I heard an interview on the radio last week with a man who has been giving blood since 1954. He has donated around 1100 times, a rate of about once every 3 weeks for 60 years. He has apparently never missed an appointment in all that time. What’s more, it turns out he has a rare blood type that has helped millions of people who have rhesus disease (which comes about if the Rh factor in the blood of a pregnant mother is different to that of her baby, and can cause death or disability to the baby). The man, James Harrison, decided to give blood after he had received many litres of blood as a teenager needing major surgery himself. I will put a link to the radio interview and article about him here.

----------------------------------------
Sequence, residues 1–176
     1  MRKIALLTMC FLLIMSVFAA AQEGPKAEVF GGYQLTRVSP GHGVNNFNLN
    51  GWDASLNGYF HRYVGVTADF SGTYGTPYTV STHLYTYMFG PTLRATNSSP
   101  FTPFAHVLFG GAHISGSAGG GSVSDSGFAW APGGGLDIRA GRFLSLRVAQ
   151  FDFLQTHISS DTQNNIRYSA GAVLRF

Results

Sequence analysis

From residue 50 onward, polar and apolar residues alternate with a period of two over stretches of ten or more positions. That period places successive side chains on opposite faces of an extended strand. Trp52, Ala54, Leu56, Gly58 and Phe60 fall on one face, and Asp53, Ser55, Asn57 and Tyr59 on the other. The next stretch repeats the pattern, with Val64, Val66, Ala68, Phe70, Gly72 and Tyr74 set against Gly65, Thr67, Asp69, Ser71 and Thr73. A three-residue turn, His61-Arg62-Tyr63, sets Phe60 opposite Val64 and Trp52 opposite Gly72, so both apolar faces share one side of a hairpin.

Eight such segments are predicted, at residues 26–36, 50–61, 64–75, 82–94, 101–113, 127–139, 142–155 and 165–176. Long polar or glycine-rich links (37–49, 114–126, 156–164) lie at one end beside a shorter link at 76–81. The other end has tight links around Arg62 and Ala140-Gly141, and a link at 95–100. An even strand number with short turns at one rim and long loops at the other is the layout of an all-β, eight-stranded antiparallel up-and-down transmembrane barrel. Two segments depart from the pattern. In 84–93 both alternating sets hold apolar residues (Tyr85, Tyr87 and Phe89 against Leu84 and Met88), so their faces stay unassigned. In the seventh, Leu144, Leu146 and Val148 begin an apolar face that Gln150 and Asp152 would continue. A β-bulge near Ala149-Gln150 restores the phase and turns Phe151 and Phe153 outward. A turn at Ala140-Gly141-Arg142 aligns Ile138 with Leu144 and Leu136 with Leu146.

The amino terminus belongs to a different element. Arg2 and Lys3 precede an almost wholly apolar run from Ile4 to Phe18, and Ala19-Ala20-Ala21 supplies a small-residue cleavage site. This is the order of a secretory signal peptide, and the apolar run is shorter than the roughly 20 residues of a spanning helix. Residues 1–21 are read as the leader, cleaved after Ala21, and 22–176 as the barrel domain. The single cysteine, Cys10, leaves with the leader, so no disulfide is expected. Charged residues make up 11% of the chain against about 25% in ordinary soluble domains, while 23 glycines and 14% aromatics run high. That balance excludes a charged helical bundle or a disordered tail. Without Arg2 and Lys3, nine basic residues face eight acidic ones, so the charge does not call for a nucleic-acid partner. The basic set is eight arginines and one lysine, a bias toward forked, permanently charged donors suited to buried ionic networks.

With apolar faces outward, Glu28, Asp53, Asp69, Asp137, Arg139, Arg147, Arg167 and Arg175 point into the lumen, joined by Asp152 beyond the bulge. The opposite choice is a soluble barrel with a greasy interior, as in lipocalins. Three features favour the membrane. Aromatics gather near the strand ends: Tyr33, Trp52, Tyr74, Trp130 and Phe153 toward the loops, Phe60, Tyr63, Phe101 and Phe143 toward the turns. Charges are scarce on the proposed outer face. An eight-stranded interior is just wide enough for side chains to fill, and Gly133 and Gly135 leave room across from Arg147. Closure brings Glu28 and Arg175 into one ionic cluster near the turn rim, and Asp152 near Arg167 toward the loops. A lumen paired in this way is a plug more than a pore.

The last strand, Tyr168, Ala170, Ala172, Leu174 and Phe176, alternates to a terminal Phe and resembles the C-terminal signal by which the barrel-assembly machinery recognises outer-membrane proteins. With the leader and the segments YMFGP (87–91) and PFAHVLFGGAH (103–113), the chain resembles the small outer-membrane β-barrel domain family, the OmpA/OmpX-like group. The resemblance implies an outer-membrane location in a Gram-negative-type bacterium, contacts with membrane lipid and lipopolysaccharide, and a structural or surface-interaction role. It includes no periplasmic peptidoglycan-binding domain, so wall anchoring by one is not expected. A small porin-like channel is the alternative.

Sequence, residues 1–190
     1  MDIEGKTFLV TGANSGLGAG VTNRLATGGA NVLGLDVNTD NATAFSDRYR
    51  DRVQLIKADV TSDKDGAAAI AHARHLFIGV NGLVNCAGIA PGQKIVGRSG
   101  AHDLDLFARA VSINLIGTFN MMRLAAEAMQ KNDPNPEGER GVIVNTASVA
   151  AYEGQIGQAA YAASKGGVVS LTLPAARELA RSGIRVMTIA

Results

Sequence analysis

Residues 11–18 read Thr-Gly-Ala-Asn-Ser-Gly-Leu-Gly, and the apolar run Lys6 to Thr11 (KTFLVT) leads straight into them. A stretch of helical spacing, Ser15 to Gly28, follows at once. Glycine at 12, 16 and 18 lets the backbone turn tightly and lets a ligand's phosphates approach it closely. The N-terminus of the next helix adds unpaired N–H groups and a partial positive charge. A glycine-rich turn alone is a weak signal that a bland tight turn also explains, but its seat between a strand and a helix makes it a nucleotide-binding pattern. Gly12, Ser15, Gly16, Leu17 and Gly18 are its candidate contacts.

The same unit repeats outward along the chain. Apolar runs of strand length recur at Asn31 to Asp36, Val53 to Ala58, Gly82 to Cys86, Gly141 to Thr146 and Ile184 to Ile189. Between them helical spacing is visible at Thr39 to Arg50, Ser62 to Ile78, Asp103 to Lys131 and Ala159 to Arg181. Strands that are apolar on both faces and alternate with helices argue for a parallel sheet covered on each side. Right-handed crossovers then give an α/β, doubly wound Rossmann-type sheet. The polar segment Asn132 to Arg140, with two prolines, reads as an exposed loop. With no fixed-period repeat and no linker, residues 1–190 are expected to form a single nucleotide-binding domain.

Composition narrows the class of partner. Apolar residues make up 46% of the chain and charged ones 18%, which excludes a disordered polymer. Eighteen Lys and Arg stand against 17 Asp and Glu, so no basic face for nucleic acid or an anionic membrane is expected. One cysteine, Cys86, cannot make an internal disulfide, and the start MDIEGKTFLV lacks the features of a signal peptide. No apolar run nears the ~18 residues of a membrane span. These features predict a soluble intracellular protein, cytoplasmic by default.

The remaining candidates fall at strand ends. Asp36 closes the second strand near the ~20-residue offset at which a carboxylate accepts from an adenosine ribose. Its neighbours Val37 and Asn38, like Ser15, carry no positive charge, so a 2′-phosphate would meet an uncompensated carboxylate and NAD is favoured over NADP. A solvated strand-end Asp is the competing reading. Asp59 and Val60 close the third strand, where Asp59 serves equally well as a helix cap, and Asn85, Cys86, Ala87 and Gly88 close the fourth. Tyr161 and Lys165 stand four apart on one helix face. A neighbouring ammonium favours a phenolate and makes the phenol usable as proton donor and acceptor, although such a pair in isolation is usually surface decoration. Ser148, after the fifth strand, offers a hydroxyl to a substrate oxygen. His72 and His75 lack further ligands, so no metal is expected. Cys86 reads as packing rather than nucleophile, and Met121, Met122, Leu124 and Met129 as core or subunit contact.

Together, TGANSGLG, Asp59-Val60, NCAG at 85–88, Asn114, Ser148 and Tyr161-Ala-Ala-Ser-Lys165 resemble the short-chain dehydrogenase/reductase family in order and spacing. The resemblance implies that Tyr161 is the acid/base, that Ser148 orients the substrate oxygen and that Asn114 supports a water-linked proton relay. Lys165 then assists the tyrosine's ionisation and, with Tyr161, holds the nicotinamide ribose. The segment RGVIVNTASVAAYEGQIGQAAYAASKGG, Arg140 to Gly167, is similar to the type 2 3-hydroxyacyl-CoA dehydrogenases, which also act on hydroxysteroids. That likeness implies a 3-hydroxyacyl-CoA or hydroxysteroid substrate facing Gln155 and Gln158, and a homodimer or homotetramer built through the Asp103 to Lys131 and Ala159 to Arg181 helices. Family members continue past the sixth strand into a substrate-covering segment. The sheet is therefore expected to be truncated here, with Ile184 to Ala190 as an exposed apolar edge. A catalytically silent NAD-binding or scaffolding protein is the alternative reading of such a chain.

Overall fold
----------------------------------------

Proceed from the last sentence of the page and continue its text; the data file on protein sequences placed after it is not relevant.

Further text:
It is fantastic, and a wonderful example of generosity, commitment, dedication and the unassuming contributions that make such a difference in daily life. I also think about the people who gave their blood to him back when he was 14 and having his chest operated on. We have no idea who they were, but without them perhaps he would not have had the urge or even been able to donate – and the many people who have benefited from his blood (and in particular his special plasma) would have been in a more precarious position.